The statement “The Government and policy makers use statistical data to formulate suitable policies of economic development” underscores the importance of statistics in guiding government decisions and policy formulation. Statistical data provides a factual basis for understanding various aspects of the economy, enabling policymakers to devise targeted and effective strategies for economic development. Here are two examples illustrating this concept:
1.
Policies for Employment and Job Creation:
Statistical Data Used: Unemployment rates, sector-wise employment statistics, educational levels of the workforce, geographic distribution of joblessness.
Policy Formulation: By analyzing unemployment rates and the distribution of jobs across various sectors and regions, the government can identify areas with high unemployment. If, for instance, the data reveals high unemployment rates among young college graduates, the government might focus on policies that encourage the growth of industries that align with their skills. This could include incentives for tech startups or investments in sectors like renewable energy, where new jobs are being created. Additionally, the government may implement vocational training programs in areas with low educational attainment to improve the employability of the workforce.
2.
Healthcare and Public Health Policies:
Statistical Data Used: Rates of various diseases, healthcare access indicators, demographic data on health disparities, data on healthcare spending.
Policy Formulation: If statistical data shows a high prevalence of certain diseases in specific regions or among certain demographic groups, the government can allocate resources more effectively to address these health issues. For example, if there is an increasing trend in diabetes or heart disease in certain areas, the government might increase funding for public health campaigns in those regions, focusing on diet, exercise, and regular medical checkups. Moreover, if data indicates that certain populations, such as those in rural areas, have limited access to healthcare, the government might invest in telemedicine or subsidize the establishment of clinics in underserved areas to improve healthcare accessibility.
In both examples, statistical data provides a comprehensive understanding of existing issues, allowing policymakers to craft strategies that are not only responsive to current challenges but also proactive in preventing future problems. This approach leads to more effective and efficient use of resources, ultimately contributing to more sustainable and equitable economic development.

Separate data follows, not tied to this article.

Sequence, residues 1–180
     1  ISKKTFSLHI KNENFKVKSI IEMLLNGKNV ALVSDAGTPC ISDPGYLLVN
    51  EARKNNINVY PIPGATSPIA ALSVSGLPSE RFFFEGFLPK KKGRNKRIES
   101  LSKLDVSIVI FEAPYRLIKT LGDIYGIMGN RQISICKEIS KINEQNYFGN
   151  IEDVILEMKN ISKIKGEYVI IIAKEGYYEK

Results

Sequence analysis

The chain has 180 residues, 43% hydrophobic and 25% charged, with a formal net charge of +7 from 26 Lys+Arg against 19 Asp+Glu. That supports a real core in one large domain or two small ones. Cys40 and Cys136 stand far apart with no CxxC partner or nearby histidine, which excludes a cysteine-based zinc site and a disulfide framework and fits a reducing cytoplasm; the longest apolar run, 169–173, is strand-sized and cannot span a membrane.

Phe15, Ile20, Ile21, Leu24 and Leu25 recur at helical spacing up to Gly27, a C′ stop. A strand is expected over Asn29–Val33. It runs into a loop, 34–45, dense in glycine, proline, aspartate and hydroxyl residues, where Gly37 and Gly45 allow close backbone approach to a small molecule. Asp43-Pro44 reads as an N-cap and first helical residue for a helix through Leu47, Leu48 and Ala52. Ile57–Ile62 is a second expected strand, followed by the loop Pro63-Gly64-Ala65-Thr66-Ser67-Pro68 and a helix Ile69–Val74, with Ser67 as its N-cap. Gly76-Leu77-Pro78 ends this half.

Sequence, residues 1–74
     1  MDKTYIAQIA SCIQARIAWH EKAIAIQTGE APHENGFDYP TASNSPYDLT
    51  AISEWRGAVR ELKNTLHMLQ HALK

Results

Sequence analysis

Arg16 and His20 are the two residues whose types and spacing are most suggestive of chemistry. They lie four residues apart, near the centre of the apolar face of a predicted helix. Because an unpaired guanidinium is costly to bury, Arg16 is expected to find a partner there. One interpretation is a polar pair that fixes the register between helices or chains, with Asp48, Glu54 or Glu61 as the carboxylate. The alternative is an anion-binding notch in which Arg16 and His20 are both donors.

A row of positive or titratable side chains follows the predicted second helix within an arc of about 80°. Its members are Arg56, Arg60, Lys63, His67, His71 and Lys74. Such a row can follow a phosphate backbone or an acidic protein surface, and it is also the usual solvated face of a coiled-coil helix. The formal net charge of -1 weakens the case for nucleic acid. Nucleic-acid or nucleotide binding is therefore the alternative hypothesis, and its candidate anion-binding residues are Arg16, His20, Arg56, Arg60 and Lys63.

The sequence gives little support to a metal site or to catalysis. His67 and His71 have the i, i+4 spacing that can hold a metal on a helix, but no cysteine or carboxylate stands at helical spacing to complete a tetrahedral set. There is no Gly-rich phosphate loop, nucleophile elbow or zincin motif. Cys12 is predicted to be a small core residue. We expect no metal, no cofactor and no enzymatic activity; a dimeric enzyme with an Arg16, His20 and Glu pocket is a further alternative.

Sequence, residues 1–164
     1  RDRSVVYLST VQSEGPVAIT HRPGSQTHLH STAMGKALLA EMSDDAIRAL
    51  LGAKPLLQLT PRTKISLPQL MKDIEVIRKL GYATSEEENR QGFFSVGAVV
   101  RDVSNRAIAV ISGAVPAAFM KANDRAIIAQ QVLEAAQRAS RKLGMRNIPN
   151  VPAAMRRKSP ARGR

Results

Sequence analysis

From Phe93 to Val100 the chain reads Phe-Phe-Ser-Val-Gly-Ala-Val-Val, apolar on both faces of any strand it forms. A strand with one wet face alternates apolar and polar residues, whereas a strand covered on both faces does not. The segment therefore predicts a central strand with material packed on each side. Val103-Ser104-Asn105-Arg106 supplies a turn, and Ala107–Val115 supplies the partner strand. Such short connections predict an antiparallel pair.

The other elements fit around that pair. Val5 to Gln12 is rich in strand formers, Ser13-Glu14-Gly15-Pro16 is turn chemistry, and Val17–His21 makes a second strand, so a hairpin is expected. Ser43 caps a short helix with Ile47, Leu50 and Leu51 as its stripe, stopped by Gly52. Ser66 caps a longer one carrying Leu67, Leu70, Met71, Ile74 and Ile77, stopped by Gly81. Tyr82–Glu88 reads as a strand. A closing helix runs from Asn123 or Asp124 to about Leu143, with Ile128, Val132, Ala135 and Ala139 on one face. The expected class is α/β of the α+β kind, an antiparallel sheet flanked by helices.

4. “You have unlimited wants and limited resources to satisfy them.” Explain this statement by giving two examples.
1.
Personal Consumption Decisions:
This scenario of the consumer’s decision-making process, given their income and various goods to choose from, at known prices, directly reflects the principle of unlimited wants versus limited resources.
Example: Imagine a student with a limited amount of pocket money. They may desire various items like new clothes, books, gadgets, and entertainment experiences. However, due to the limited nature of their pocket money, they must make choices about what to buy, prioritizing some wants over others. This situation illustrates how, even though the student has numerous wants, their limited financial resources compel them to make selective choices.
2.
Scarcity in Daily Life:
The concept of scarcity in everyday life, such as long queues at railway booking counters or crowded buses, which are manifestations of scarcity.
Example: Consider the resources required for agriculture, like land, labor, water, and fertilizers. These resources are limited and have alternative uses. Farmers must decide whether to use these resources for food crops or non-food crops like cotton or rubber. Here, the limited resources (agricultural inputs) are insufficient to satisfy all possible uses (growing different types of crops), leading to the necessity of making choices.
These examples illustrate the fundamental economic principle of scarcity, where unlimited wants must be met with limited resources, necessitating choices and prioritization.
5. How will you choose the wants to be satisfied?
Choosing which wants to satisfy involves making decisions based on limited resources. Here’s how I would approach this:
1.
Prioritizing Needs over Wants: Essential needs come first. These include necessities for survival and well-being, such as food, shelter, and education. It emphasized that the importance of understanding consumer decisions based on available income.
2.
Budget Allocation: With limited financial resources, such as pocket money or earnings, it’s crucial to allocate a budget. This is how a consumer, in this case, a student like me, decides what to buy with the given income and knowledge of prices. This means planning expenses and maybe saving for bigger purchases.